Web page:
Jou yo konnen sa m sèvi, loray va gwonde
Se mwen-menm rasin o
Se mwen-menm gwo woch o

(Since I left Ginen, people have been sounding me,
It is me, the root
Since I left Ginen, people have been sounding me,
It is me, the big rock
I come out from under the water, I fly into the air
When they believe they have taken me, I turn into smoke
The day they know whom I serve, the earth will tremble
The day they know my valient name, the thunder will thunder
It is me, the root
Since I left Ginen, people have been sounding me,
It is me, the root
I come out from under the water, I fly into the air
When they believe they have taken me, I turn into smoke
The day they know my valient name, the earth will tremble
The day they know whom I serve, the thunder will thunder
It is me, the root
It is me, the big rock)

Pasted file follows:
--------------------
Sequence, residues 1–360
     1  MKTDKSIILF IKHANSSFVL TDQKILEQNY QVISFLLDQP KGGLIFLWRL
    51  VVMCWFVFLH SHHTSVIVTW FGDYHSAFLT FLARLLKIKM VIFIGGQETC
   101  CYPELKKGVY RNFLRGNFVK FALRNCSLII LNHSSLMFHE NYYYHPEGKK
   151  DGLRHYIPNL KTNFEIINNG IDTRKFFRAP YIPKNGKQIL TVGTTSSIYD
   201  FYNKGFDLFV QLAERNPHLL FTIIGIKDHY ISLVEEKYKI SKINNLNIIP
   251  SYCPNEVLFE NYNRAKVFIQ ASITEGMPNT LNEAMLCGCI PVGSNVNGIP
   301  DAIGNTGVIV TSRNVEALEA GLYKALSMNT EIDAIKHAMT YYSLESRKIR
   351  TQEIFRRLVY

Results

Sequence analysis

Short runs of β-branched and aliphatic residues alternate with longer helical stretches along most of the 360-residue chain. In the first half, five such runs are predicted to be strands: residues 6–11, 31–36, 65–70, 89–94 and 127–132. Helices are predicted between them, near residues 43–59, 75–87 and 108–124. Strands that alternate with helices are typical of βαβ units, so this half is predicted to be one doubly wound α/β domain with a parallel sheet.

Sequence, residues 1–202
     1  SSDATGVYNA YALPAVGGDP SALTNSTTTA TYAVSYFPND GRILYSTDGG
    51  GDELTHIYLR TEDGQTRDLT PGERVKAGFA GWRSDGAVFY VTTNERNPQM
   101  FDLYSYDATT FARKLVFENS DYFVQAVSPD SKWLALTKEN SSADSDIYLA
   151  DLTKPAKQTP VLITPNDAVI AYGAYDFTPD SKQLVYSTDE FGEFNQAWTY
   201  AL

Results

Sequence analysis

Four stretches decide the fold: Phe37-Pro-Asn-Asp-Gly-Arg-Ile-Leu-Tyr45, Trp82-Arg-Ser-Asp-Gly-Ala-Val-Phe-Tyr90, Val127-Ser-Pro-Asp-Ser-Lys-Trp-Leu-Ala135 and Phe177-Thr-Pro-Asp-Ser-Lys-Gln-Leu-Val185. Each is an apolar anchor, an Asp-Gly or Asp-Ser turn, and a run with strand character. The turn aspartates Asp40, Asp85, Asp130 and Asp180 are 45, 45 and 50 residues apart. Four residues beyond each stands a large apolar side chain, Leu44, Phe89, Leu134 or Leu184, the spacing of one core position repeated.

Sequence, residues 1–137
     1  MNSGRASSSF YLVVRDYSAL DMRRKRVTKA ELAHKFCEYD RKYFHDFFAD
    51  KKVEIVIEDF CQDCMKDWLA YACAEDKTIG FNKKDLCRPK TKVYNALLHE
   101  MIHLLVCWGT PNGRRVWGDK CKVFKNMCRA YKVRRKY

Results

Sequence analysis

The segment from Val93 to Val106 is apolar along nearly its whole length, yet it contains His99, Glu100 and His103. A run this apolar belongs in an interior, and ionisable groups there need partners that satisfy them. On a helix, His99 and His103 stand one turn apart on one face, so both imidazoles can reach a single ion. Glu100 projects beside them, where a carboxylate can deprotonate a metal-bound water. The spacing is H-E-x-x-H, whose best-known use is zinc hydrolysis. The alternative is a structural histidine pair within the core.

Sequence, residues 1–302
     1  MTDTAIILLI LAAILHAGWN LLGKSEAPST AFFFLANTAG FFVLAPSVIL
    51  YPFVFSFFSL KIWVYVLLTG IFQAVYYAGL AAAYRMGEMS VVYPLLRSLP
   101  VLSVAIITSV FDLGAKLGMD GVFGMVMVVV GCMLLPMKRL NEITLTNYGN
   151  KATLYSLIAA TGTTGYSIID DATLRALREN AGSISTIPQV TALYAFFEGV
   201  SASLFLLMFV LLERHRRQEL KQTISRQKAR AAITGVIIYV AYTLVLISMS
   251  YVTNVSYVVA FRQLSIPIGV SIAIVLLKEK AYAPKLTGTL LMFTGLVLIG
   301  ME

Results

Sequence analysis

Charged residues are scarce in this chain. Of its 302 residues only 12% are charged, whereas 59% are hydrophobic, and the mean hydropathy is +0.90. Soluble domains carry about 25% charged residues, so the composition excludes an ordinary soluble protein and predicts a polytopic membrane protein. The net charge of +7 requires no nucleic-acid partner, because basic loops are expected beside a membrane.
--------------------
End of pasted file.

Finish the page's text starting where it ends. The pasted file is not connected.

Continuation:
Without knowing the ways that Kreyòl in a liturgical setting uses coded language to communicate mystical messages, the literal translation of this song provides few clues to its meaning and it remains largely opaque.  Allow me to provide a few clues to the song’s deeper meaning.  The song begins with the singer noting that he comes from the underwater land of the spirits, referred to as Gine (for more on Gine, refer to my earlier post).  Since he left there, people have been trying to sonde li, literally, sound him—the way that one sounds the depths of a body of water.  Metaphorically, to sound someone in Vodou is to test the mystical force and knowledge of a priest or priestess (konesans).  This alerts us to the fact that the song is being sung by a priest who is boasting of his ability to succeed at all such challenges because he possesses konesans, mystical force, in abundance.  Such a process of testing often involves announcing one’s initiatory name, called one’s valient name, a mystical nom du guerre.  Then, without ever naming any particular spirits (lwa), the singer alludes in coded language to some of the powerful ancestral Vodou lwa, those rasin or roots, that protect and guide him—what he means when he speaks of “those he serves.”  For example, Gwo Wòch—big rock—brings to mind those spirits for whom this is a praisename, notably Simbi.  References to thunder allude to the spirits Badè, Sobo, and Agawou, all of whom are connected with thunder (loray) and storms.  Agawou is also associated with shaking the earth when he is Agawou Lefan, Agawou the Elephant, whose passing causes shaking.  Agawou also gives the powers of flight and invisibility, which are mentioned in the song.  These few examples allow one to begin to appreciate the elaborate forms of code speak and correspondence that exist in Kreyòl Vodou liturgy.